Monday 2020-09-28




By KWANELE DHLADHLA | 2020-09-17

The protracted ban on alcohol has cost Eswatini Beverages up to 60 per cent revenue.

Head of Legal and Corporate Affairs Mphumelelo Makhubu disclosed that their revenue has suffered a huge effect resultant from the lockdown.

“About 60 per cent of revenue that could have been made to date has been lost,” briefly said Makhubu before humbly asking not to disclose contents of their annual financial statements due to internally binding confidentiality clauses.        

On the other hand, Business Eswatini CEO E.Nathi Dlamini disclosed that Eswatini Beverages were under immense pressure from their group head office to come up with commercially sensible reasons why they should continue to invest in the country.

Dlamini said the reasoning from AB InBev was that they could still supply the country from any of their footprints in Africa, and they do not need to necessarily manufacture in Eswatini. “That’s exactly what we don’t want. As Business Eswatini, we feel relocating a processing plant to another country is not in the best interest of our country. Furthermore, we all know that should this relocation happen, there will be serious job losses. Everyone knows that this company offers high quality jobs from scientists to lab technicians. These are high quality jobs which we don’t want to ever lose,”  emphasised the CEO.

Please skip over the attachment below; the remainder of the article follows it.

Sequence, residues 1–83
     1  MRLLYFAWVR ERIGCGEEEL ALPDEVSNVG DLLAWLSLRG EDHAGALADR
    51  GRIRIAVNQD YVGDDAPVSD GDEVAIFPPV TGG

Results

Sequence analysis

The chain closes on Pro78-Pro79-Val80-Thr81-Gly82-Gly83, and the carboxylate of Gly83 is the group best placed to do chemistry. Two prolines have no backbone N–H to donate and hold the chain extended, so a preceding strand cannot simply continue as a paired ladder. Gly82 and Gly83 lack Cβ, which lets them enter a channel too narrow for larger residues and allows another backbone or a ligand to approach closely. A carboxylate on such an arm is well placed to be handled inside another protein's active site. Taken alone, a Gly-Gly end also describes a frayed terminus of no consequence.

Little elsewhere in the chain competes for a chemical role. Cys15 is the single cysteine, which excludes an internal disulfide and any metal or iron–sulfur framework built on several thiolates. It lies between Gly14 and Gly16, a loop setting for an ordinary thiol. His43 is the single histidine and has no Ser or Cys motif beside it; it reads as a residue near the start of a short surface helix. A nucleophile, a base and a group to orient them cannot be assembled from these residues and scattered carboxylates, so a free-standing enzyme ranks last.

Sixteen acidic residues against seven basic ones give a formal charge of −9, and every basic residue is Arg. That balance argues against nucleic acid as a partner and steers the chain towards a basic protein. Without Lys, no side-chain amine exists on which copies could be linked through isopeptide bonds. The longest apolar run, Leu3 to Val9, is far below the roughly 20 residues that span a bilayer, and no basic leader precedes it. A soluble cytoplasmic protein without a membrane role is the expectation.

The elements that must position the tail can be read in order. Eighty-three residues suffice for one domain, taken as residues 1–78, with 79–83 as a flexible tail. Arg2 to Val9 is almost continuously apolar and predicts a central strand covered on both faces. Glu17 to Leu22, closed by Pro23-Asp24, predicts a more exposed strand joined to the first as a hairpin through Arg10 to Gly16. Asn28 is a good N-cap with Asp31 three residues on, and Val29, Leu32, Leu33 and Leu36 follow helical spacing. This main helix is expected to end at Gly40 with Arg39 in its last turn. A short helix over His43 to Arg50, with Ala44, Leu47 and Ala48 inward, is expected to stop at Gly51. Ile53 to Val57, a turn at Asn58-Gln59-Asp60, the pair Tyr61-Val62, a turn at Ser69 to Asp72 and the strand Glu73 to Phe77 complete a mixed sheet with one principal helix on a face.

The CEO also revealed that he held what he described as frank discussions with his counterpart at Eswatini Beverages, Bridget Makhura, who took over as managing director of Eswatini Beverages six months ago. He said their concern was based on the fact that Eswatini Beverages is part of the Business Eswatini stable. Dlamini said they both decried the unrestricted flow of alcohol and spirits into the country yet the ban on alcohol was still in effect.

“Our borders are too porous and I don’t think we have the capacity to provide security to every nook and cranny of this country to ensure there’s no boot-legging taking place. Currently, booze is flowing into the country freely and these criminals are profiteering from the ban,” added Dlamini.

Protracted ban no longer adding value - private sector

Business Eswatini has wondered whether the continued alcohol ban remains a wise idea given the free flow of alcohol from illegal and unauthorised suppliers.

The private sector representative has also expressed great concern as to whether the massive losses in sin tax revenues which are desperately needed by the kingdom to pay the bills justify the ban given that alcohol flows freely into the country anyway. Business Eswatini CEO E.Nathi Dlamini said unless they were missing something; or there was something beyond their comprehension or commercial sensibilities; they no longer found the protracted ban adding any value.

“All it is doing is creating havoc; enabling the formation of bootleggers and criminals; robbing us of revenues as a country and permanently disrupting and also infiltrating our official liquor supply channels which will take years to fix. Even when the ban is lifted, the criminal gangs are unlikely to walk away,” Dlamini advised.   

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